The Poverty Pimps’ Poem

Sometime during my social work doctoral education at Indiana University, a disenchanted PhD student introduced me to the term “poverty pimp.” The general meaning seemed to be that we future social work professors were training to make a good living from the poor. I have lately been moved to investigate that term, and have come up with a few items that may flesh out its meaning.

A key source may be Thomas Sowell (1998), whose Poverty Pimps’ Poem reads as follows:

Let us celebrate the poor,
Let us hawk them door to door.
There’s a market for their pain,
Votes and glory and money to gain.
Let us celebrate the poor.
Their ills, their sins, their faulty diction
Flavor our songs and spice our fiction.
Their hopes and struggles and agonies
Get us grants and consulting fees.
Celebrate thugs and clowns,
Give their ignorance all renown.
Celebrate what holds them down,
In our academic gowns.
Let us celebrate the poor.

In remarks preceding that presentation, Sowell referred to his “fellow-economist Walter Williams,” whom Sowell said had calculated the amounts spent annually on poverty alleviation. Sowell concluded that those amounts far exceeded what it would have cost to simply give America’s poor people enough cash to lift them above the poverty line. “At the top of the food chain,” said Sowell, “are Ivy League professors who rake in big-time research grants to support themselves and their cronies while they are studying, romanticizing or otherwise exploiting the poor.” Contrast that against research finding that “among full-time employees of a public university, those who were higher in social class (as determined by level of education) were less able to accurately identify emotions in photographs of human faces than were co-workers who were lower in social class” (Inzlicht & Obhi, 2014, citing Kraus et al., 2010).

A recent piece suggests that Walter Williams (2013) — a black professor, if that matters — is still ringing that bell. He says,

Detroit is the nation’s most dangerous city. Rounding out Forbes magazine’s 2012 list of the 10 most dangerous cities are St Louis; Oakland, Calif.; Memphis, Tenn.; Birmingham, Ala.; Atlanta; Baltimore; Stockton, Calif.; Cleveland; and Buffalo, N.Y. The most common characteristic of these predominantly black cities is that for decades, all of them have been run by Democratic and presumably liberal administrations. Some cities – such as Detroit, Buffalo, Newark, N.J., and Philadelphia – haven’t elected a Republican mayor for more than a half-century. What’s more is that in most of these cities, blacks have been mayors, chiefs of police, school superintendents and principals and have dominated city councils. . . .

What I am saying is that if one is strategizing on how to improve the lives of the poorest black people, he wants to leave off his to-do list election of Democrats and black politicians. Also to be left off the to-do list is a civil rights agenda. Racial discrimination has little to do with major problems confronting black people. . . .

Law-abiding poor black people suffer the nation’s highest rates of criminal victimization from assaults and homicide. More than 50 percent of homicide victims are black. Would anyone claim that this victimization is caused by racist groups preying on the black community? . . .

Black education is a disaster, but who runs the violent, disruptive big-city schools, where education is all but impossible? For the most part, it’s not white people. . . .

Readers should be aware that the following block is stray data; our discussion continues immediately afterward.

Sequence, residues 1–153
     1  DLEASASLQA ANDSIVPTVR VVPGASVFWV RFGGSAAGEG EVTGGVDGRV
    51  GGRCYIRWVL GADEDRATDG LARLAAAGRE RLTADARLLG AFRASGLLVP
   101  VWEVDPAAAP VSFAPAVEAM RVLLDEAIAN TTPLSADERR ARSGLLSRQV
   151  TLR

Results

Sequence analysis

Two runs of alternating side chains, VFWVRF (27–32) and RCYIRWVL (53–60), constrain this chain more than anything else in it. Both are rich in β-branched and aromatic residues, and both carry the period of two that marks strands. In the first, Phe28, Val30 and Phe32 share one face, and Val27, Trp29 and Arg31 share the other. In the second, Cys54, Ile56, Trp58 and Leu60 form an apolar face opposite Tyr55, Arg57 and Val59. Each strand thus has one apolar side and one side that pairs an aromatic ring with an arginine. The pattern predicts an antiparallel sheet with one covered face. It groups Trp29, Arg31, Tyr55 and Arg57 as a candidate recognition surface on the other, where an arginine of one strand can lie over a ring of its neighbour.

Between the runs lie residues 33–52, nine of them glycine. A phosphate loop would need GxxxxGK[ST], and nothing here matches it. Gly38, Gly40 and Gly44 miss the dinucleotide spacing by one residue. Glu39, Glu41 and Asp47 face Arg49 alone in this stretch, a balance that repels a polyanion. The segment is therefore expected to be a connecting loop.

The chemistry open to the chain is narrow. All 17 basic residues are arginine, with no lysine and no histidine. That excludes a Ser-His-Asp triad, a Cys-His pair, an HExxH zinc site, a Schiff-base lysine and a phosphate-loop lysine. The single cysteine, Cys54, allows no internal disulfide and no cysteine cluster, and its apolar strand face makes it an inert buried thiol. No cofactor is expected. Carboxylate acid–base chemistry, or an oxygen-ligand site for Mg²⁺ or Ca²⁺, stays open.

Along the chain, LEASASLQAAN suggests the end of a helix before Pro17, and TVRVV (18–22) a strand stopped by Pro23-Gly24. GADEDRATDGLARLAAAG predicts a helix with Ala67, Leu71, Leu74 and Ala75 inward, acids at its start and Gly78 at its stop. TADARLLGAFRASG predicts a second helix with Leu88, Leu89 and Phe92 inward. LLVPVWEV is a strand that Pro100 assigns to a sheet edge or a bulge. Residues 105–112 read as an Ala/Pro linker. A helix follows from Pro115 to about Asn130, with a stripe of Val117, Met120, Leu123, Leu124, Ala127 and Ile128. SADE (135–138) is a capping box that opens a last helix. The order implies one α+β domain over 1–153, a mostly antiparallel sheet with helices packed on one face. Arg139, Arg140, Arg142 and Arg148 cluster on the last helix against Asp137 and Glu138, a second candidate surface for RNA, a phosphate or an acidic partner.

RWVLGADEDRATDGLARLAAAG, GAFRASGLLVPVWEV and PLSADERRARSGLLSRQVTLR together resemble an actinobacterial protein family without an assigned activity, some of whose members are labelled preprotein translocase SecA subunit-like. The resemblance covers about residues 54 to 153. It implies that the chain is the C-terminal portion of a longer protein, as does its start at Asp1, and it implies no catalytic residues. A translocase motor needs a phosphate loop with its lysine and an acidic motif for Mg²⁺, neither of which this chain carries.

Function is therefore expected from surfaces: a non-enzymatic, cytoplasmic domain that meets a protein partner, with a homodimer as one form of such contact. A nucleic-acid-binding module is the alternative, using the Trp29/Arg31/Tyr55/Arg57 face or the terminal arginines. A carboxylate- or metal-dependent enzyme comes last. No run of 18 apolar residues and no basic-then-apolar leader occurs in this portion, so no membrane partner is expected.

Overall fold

[S]peaking standard English in an English-speaking country is critical for self-improvement. But that’s not the lesson from the nation’s multiculturalists, who call for the celebration of native languages and dialects. Sloppy-minded academics and assorted hustlers have taught that poor English, gangsta rap, men wearing pigtails and thug behavior should not be criticized but become a part of the celebration of diversity. . . .

The long-term solution for the problems that many black Americans face begins with an absolute rejection of the self-serving agenda of hustlers and poverty pimps.

An entry in Urban Dictionary suggests that poverty pimps themselves tend to be blacks or otherwise have minority status:

poverty pimp

Any self appointed minority leader, who extols the perpetual poorness of their ethnicity, yet is quite well off stemming from their efforts. Usually a Reverend of some unknown church. Marches at the drop of a hat to mug for the cameras.

Uses White guilt to gain credibility, money, and influence.

Are usually racists themselves.

Jesse Jackson and Al Sharpton are flaming Poverty Pimps.

But that doesn’t seem to be the message from Williams. He says the point is not to vote Republican; it is simply to drop the idea that voting Democrat is the solution. Likewise, he contends that the point is not to vote white; it is just to recognize that knee-jerk election of the black candidate (which may sometimes be crucial in bringing suppressed perspectives to prominence) is no panacea. Hence Willliams criticizes academics, without regard to skin color, to the extent that their doctrines (e.g., multiculturalism) contribute to the hardships experienced by the black community.

Generally, I don’t believe the contention is that there should not be people making a living off of the effort to serve the poor. It is, rather, that people who make a living from such service should show appropriate results, commensurate with their cost, or else be shown the door. Those who perpetually skim a sinecure from others’ travails, contributing little to their advancement and possibly exacerbating their plight, are pimps indeed. These are the sorts of people who inspire belief in Thoreau’s adage — essentially, If you see someone coming to help you, run for your life.

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